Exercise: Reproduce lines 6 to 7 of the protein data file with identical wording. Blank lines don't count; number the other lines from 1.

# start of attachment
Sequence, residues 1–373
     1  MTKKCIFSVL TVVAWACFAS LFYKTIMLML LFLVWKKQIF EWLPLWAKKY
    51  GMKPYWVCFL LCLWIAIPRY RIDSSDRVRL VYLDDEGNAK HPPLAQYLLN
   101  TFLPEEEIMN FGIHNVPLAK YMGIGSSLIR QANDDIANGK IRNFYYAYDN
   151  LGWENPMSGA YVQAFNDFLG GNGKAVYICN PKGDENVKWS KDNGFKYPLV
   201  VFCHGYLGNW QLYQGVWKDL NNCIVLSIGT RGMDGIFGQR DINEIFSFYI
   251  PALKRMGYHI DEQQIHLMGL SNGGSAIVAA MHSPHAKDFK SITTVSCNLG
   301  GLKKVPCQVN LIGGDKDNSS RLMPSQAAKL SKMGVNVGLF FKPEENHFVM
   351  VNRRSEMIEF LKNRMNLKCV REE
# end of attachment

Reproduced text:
   201  VFCHGYLGNW QLYQGVWKDL NNCIVLSIGT RGMDGIFGQR DINEIFSFYI
   251  PALKRMGYHI DEQQIHLMGL SNGGSAIVAA MHSPHAKDFK SITTVSCNLG